“I’ve found a bit more motivation this year to push myself again,” Ruth says. “After last year, I didn’t think I would again. But it also feels less intense because I have so much more confidence in myself as a cyclist and I’m just out to see what I can do rather than prove something to myself and others.”
Winder is aiming to win races, while never losing sight of the fact that taking on gravel should always be a unique and positive experience, regardless of outcome. Ruth and Kiel formed a tight bond last year as former American roadies entering Act II of their racing careers. One of her favorite memories was racing Leadville with him and suffering nearly simultaneous broken wheels.
“We both broke wheels and had sort of a terrible time,” Ruth says. “But it just felt like such a strong memory. And being from Colorado, it’s such a big deal bike race that I’d always been curious about.”
Ruth’s competitiveness and sense of adventure were made for gravel. She’s reaching for new heights in 2023.
Paige Onweller might be gravel’s fastest rising star
Paige won Big Sugar in October last year and firmly established herself as one of the most impressive athletes in gravel racing. But the most impressive part about that victory may be that she was working as a full-time physician’s assistant at the time.
Now, she’s putting her medical career on pause to focus solely on racing and explore the full extent of her potential.
“It’s exciting for me to think about what I can accomplish if I dedicate a little bit more time and energy to this,” Paige told the Trek Race Shop. “And in quitting my job, I didn’t make that decision so I can train more. I’ve always been ambitious and I can fit things in, but I made this decision so I can have more balance in regards to things off the bike.”
Paige not only wants to climb podiums, but she believes she can inspire others with her unique background. Her skills are still raw compared to other elite riders, especially at 33 years old, but she’s proving that it’s never too late to pursue cycling as a passion.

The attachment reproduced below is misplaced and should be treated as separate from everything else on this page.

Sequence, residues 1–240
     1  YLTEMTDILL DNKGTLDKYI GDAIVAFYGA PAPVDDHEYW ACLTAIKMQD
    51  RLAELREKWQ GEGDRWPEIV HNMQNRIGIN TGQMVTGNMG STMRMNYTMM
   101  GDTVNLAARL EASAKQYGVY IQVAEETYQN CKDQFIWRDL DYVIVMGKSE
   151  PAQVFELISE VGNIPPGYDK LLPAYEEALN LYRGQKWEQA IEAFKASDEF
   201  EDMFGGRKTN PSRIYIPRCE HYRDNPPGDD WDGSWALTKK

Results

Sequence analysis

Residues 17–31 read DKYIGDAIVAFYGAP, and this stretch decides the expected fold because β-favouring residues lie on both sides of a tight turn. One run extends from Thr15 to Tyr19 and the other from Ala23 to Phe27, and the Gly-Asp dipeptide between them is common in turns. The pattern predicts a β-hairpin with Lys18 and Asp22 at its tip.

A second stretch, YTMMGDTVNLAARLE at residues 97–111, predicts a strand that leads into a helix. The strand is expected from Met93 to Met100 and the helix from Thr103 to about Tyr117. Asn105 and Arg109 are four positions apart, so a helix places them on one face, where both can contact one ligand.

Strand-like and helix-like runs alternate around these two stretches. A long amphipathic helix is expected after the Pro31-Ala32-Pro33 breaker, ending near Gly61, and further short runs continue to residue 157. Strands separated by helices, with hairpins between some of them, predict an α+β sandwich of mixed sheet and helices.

“I want people to see my story and say, ‘Well, if she can do that, I can try to ride bikes,’” Paige says. “And so for me that’s most exciting. I have these sponsors that believe in me, and that can get me the support that I need, but then also showcase what I’m capable of, so that other women who are new to this can see me as an example.”
Amity Rockwell will take on any challenge
Amity is the steely gravel veteran of the Driftless program. She has been seeking out the most unique challenges in the sport for years, and won Unbound Gravel in 2019. She’s been to just about every race, from California to Chequamegon.
Variety is her spice, and that’s why she’s headed out of North America for events like Migration Gravel in Kenya, The Rift in Iceland and The Traka in Girona, Spain. Amity isn’t afraid to go out of her comfort zone. She has already attempted the daunting 24 Hours in the Old Pueblo this year, and will be taking on everything from stage racing (like Migration and the BC Bike Race) to technical mountain biking (like the Downieville Classic).
“As much as I love Kansas, I can only handle so many ninety degree turns before I want some spice,” Amity says. “I’m happiest when I’m doing things I feel slightly bad at. Something about the challenge and about not having as much pre-existing pressure on myself, and definitely the excitement of the unknown, is what keeps me engaged in racing my bike.”